An Old-New Twist on Affordable Housing


Harriet Brooke, a Crofton resident, says it is time to develop cooperative housing associations with a self-governing property management model right here in the Cowichan Valley.

The issue of affordable housing has been in the news lately. During the recent municipal election it was a topic on the agenda of a number of candidates who were elected to both the Duncan and North Cowichan Council.


The Province of British Columbia has published a 30-point plan to tackle housing affordability that includes addressing issues such as curbing speculation, closing tax loopholes, and creating security for renters. Part of the plan put forward is to work with communities and housing providers to expand the availability of housing.


The cost of shelter has hit almost all demographics. Seniors, many on a fixed income, face rising taxes and have much of their retirement equity tied up in large homes they can no longer afford to maintain. While they could sell, they then face the quandary of finding a smaller less-expensive replacement home. Young people, couples or singles, are having difficulty finding affordable homes because they are working at minimum wage.

Young families face the predicament of finding larger homes on a limited budget .One idea being put forward by a local advocate is an old idea that may well present one of the best approaches for increasing the availability of low cost, secure homes for seniors.


Harriet Brooke, a Crofton resident, says it is time to develop cooperative housing associations with a self-governing property management model right here in the Cowichan Valley.
This cooperative housing society model is a tried and proven concept of Harwood Ltd. which has provided over 900 units to seniors in the Fraser Valley at 20-30 per cent below average market cost in the last 40 years. Brooke’s parents lived in one in Abbotsford for 33 years; one of the 12 housing complexes built in the Fraser Valley by Harwood Ltd.


“It was fantastic for them as retirees,” said Brooke. “It was in 1984 that my parents paid their housing society fee of $45,000 in exchange for a Promissory Note which entitled them to live in their unit for life. When my father left the complex at the age of 97 years, the housing society paid out his Promissory Note in full.  Then, the unit was offered to a new qualifying housing society member for only $75K – which was now 80% below average market price!!  The non-profit, non-speculation, affordability parameters of 33 years ago had been paid forward!”

The only additional cost was the monthly maintenance fee which covered all utilities, building insurance and services; all of which were purchased in bulk rather than individually.


A key factor of this housing society concept was that, as this was cooperatively owned and operated by the self-governing property management board, the members received Promissory Notes in lieu of Title.


According to Brooke, what makes the idea work is the non-profit nature of the association. It owns the land and buildings and all utilities and service costs are purchased in bulk.  By having a non-profit, self-governing property management board as owner, speculation is naturally eliminated and the cost of the membership shares remain stable over long periods.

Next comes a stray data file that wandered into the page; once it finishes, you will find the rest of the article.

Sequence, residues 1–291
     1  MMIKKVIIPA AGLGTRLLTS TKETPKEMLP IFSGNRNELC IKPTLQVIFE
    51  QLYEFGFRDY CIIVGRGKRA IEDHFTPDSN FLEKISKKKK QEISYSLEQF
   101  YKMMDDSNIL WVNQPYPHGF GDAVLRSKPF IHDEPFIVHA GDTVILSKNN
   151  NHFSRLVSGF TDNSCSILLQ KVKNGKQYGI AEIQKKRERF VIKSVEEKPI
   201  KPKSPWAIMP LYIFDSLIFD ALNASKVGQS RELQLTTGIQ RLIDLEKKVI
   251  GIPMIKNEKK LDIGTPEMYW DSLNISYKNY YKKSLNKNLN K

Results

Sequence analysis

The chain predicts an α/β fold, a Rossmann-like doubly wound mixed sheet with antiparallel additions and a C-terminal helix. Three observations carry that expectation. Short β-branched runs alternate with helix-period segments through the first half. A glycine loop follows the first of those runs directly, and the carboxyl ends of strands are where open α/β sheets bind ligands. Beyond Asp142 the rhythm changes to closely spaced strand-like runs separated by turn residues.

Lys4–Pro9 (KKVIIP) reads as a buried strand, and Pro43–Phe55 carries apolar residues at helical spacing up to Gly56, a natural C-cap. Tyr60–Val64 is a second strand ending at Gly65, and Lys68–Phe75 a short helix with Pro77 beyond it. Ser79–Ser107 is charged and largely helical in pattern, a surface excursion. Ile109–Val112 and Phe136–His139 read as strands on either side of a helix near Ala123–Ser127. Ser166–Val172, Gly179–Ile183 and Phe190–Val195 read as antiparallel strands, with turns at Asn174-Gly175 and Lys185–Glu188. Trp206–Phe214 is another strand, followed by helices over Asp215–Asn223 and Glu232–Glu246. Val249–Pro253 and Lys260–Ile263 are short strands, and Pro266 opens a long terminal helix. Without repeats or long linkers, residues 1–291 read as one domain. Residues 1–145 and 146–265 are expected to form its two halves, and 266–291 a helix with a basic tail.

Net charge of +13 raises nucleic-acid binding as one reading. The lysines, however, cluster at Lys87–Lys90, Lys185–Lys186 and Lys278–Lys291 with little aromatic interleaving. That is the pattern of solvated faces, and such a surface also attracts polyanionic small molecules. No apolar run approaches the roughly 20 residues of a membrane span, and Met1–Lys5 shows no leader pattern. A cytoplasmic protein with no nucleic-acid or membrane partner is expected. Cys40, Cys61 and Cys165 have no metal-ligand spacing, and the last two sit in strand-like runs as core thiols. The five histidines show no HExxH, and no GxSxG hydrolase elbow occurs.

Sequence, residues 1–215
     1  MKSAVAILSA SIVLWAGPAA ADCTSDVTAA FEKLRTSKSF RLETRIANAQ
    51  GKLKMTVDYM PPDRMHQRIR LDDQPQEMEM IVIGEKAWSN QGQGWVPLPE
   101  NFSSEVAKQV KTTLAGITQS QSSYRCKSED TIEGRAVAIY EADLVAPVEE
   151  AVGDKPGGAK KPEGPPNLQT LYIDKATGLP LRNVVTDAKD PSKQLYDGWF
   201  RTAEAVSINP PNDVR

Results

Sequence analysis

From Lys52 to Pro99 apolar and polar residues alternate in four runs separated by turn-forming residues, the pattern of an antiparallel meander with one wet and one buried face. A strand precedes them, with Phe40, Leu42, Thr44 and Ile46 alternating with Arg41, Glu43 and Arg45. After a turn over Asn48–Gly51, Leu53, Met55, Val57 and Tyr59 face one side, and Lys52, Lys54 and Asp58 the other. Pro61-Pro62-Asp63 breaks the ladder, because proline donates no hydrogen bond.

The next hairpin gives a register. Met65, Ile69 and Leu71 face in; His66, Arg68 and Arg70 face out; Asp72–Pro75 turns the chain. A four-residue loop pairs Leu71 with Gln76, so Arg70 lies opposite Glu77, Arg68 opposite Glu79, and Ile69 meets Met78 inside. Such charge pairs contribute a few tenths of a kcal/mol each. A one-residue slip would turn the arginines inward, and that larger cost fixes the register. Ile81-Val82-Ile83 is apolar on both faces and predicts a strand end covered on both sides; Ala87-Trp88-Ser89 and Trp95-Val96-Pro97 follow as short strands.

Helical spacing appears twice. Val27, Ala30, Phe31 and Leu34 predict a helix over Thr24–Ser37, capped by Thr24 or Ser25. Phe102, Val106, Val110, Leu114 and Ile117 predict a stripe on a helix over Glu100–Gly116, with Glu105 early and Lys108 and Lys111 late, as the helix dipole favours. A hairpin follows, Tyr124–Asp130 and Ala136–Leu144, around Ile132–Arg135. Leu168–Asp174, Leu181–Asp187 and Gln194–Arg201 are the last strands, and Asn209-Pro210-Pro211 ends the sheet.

“For example,” she explained, “let’s say you pay $200,000 for your “share” in the cooperative housing society. That money entitles you to live in the unit you have picked — for your lifetime. Your guarantee is that whenever you leave, you or your estate gets back the amount you paid for your share.  In the meantime you’ve gotten lifetime use of the home.”


The Co-Operative Housing Federation of BC lists over 250 member co-ops in BC.  Most of these are located in the Lower Mainland and Victoria. The Island has none listed north of Victoria but Victoria lists over thirty.  Another dozen or so are scattered throughout the interior, primarily in the Okanagan, although there is one as far north as Fort St. John.


Brooke describes how the idea could work locally. “Essentially the co-op looks like any other housing development. The difference is the non-profit nature when it comes down to building the residences.” Brooke said.  “The association builds with an eye to people’s needs, so the housing can be small footprint, low-energy, or any number of features that often people want but builders don’t offer because there’s no profit in those things,” she explained.


Her idea is that North Cowichan should try a pilot project. She envisions that someone with 2 to 3 acres could develop an eco-friendly small footprint co-op somewhere in North Cowichan. The trouble, according to Brooke, is that no zoning really exists for this kind of project.


“The market doesn’t exist because developers can’t profit from it, so it’ll never get built unless interested individuals step up. Our last election had just about every candidate talking about affordable housing. Well, here’s a chance for the politicians to actually do something,” she said.


Brooke has a property that would be suitable for this kind of project in Crofton, but she explained that isn’t her goal. She would like any project to get some support of local politicians and create decent low cost homes for ordinary people.


“I believe we have an obligation to make sure that we provide opportunities for everyone to have a decent home.  Isn’t that why we all share things like garbage collection and roads?  Local government has a role in this and can help make it happen with some minor zoning changes.”


If you are interested in this topic and would like to contact Harriet Brooke you can reach her at


Please enter your comment!
Please enter your name here